High-quality Superfan Saturday gives Bok coach a boost

Springbok coach Jacques Nienaber. (Photo: Steve Haag / Gallo Images) Springbok coach Jacques Nienaber
By Craig Ray
27 Sep 2020 1

Saturday’s first post-Covid-19 lockdown rugby matches would have left Springbok coach Jacques Nienaber in a much more positive frame of mind as he plots a course for the Rugby Championship in November.

Realistic fears that Springbok players will be hopelessly underdone when they take on the might of the All Blacks, Wallabies and Pumas in November might be unfounded after two tough encounters in Pretoria on Saturday. 

Understandable concerns were slightly allayed after South Africa’s leading players produced some scintillating, structured and intense rugby in their first serious outings for more than six months during “Superfan Saturday” at Loftus Versfeld. 

Jake White’s Bulls were excellent as they dismantled the Sharks 49-28, while John Dobson’s Stormers were too good for the Lions, winning 34-21. Both winning sides based their victories and performances on superior forward play. The packs from Pretoria and Cape Town dominated their opponents and from that platform they built their momentum and scoreboard pressure. 

Both winning performances could have been taken from the Boks’ rugby World Cup 2019-winning blueprint. Dominant set pieces, physical, organised and committed defending and a superior tactical kicking game handed the Bulls and Stormers victory. The Boks used the same recipe to stun the world in Japan 12 months ago.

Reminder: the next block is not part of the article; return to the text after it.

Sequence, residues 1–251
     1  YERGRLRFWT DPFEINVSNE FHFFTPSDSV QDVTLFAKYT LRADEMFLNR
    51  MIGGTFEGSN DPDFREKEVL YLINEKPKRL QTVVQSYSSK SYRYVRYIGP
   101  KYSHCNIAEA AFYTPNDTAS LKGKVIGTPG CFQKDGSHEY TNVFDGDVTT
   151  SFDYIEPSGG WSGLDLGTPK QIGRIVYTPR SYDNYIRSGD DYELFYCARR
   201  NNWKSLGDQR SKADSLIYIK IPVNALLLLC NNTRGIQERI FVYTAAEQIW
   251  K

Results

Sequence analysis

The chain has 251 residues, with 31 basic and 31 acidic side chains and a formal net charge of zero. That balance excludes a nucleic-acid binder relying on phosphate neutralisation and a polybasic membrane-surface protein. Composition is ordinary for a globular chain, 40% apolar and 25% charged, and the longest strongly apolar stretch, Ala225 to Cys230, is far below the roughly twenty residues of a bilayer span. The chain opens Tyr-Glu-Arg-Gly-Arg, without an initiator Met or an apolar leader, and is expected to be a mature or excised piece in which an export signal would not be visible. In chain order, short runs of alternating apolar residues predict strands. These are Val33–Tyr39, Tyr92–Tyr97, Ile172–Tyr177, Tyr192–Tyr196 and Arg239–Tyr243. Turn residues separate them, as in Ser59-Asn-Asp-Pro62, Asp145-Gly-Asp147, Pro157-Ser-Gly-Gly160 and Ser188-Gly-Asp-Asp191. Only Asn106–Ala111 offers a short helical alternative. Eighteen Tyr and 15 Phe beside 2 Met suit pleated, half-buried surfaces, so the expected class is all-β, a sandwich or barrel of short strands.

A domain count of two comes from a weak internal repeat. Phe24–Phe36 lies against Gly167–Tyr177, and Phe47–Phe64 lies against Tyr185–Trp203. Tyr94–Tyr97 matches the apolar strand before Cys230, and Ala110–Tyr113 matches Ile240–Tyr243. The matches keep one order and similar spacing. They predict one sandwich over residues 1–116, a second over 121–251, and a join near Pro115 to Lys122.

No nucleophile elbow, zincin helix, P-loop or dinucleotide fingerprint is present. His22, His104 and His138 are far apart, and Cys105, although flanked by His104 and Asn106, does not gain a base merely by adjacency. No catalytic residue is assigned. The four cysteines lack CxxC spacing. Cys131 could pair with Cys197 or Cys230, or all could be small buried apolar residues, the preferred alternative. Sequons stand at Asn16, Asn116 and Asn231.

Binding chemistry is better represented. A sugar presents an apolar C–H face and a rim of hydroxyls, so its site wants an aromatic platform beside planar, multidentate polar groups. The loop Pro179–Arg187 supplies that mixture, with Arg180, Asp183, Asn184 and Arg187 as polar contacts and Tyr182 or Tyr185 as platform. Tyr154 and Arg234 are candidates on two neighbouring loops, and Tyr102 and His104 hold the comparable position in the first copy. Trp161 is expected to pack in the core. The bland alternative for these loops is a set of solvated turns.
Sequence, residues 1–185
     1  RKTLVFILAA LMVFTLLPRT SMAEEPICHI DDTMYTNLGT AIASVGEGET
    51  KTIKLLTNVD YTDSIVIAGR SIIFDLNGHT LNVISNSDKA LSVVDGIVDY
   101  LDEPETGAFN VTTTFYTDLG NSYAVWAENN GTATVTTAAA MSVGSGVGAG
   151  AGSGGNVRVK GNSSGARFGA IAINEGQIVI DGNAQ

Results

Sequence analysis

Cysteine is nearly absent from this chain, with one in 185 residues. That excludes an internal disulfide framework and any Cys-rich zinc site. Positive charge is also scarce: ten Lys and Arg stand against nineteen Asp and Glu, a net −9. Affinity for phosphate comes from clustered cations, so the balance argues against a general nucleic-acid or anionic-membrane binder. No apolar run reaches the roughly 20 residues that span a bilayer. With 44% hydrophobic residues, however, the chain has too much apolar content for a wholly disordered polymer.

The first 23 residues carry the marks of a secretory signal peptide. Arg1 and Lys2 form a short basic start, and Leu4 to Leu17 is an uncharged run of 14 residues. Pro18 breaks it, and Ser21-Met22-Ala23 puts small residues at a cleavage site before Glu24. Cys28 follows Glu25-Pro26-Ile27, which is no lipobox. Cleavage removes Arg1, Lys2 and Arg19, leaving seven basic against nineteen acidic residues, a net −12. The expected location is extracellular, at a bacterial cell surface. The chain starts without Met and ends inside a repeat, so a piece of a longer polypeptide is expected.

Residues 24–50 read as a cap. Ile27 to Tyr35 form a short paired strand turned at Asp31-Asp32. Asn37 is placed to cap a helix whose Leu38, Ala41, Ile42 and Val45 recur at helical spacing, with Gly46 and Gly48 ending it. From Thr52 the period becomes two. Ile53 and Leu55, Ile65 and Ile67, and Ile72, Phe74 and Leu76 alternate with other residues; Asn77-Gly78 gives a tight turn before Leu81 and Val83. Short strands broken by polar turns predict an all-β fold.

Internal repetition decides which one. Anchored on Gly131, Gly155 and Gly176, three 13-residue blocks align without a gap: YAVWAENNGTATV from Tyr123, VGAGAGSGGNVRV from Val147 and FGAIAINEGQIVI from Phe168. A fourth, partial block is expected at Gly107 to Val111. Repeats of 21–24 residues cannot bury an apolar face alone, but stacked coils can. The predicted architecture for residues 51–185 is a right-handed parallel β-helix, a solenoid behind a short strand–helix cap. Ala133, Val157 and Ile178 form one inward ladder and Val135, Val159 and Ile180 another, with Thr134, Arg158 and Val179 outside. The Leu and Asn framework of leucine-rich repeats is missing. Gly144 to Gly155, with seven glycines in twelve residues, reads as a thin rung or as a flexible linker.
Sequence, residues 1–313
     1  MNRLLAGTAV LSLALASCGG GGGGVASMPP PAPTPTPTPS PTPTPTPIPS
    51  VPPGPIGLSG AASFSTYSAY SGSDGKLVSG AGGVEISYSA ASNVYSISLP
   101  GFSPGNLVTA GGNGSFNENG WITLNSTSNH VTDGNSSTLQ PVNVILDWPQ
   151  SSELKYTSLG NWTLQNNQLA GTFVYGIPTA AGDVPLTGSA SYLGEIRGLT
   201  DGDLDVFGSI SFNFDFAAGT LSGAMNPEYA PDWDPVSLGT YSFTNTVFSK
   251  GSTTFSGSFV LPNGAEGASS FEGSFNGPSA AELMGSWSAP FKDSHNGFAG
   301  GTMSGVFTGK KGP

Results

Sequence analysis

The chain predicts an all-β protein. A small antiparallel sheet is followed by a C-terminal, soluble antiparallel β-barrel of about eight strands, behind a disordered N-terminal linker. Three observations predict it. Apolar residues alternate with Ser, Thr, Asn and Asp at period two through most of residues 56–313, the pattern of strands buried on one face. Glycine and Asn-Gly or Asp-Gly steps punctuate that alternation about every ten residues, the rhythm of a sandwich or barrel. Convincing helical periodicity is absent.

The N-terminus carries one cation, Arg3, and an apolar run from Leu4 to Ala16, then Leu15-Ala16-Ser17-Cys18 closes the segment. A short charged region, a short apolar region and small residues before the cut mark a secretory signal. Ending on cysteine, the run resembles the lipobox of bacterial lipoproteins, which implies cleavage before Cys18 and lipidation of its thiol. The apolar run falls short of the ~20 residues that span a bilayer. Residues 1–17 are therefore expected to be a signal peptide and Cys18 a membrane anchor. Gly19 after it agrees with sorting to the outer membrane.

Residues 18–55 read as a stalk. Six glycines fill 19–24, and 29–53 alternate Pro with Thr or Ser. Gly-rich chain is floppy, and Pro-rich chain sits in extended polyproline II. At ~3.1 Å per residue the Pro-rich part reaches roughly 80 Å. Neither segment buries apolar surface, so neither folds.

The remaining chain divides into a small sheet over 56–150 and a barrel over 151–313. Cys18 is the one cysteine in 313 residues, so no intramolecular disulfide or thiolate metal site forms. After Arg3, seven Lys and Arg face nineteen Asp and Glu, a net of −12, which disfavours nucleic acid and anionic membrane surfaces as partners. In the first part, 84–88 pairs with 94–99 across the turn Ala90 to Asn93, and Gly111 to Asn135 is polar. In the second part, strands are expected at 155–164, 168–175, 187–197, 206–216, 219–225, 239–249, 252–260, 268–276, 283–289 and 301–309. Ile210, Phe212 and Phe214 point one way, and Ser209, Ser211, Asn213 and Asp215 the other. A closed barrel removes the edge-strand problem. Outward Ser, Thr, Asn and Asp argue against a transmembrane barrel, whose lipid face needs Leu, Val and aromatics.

Of course, the pressure of the matches at Loftus was well below the white heat of test rugby, but all four sides played with marked controlled aggression. 

Although the teams were able to use 10 substitutes, which wouldn’t be the case in official matches, it was still noticeable that the players looked fit and fresh. After such a long lockdown, fitness would be expected, but the demands of match intensity can never be precisely replicated in training. 

The intensity and the physicality of the two matches never wavered and were on a par with anything they delivered in pre-lockdown Super Rugby. Those would have been the most encouraging aspects for Nienaber. 

There has been much speculation that the Boks might pull out of the Rugby Championship, mainly over concerns about player welfare. New Zealand and Australian teams have been playing for 14 and 10 weeks, respectively. But based on Saturday’s evidence, if South Africa’s leading players could enjoy three or four matches in the upcoming domestic version of Super Rugby, they might be in good enough shape to play test rugby in six weeks’ time. 

It would still leave the Boks well behind their old foes in terms of preparation, but the evidence presented at Loftus suggests that South Africa’s best players are not as far off game readiness as was initially feared. 

It was the Bulls, though, that looked the most complete team after lockdown. White took over from Pote Human just as lockdown started and he has obviously used the time to turn the struggling Bulls into a confident unit on the training field. On Saturday they translated their new confidence into points in a competitive match, running into a 35-0 lead in as many minutes. It was only after White rang the changes to give his fringe players a run that the Sharks were able to get a foothold in the game for a while. 

But overall, White, the Boks RWC 2007-winning coach, proved what a wily old coach he is in his first outing as Bulls mentor. As expected, his team was clinical, accurate and brutal in the basics of the game. The scrum was superb, the lineout imperious, the breakdown dominant and defence uncompromising.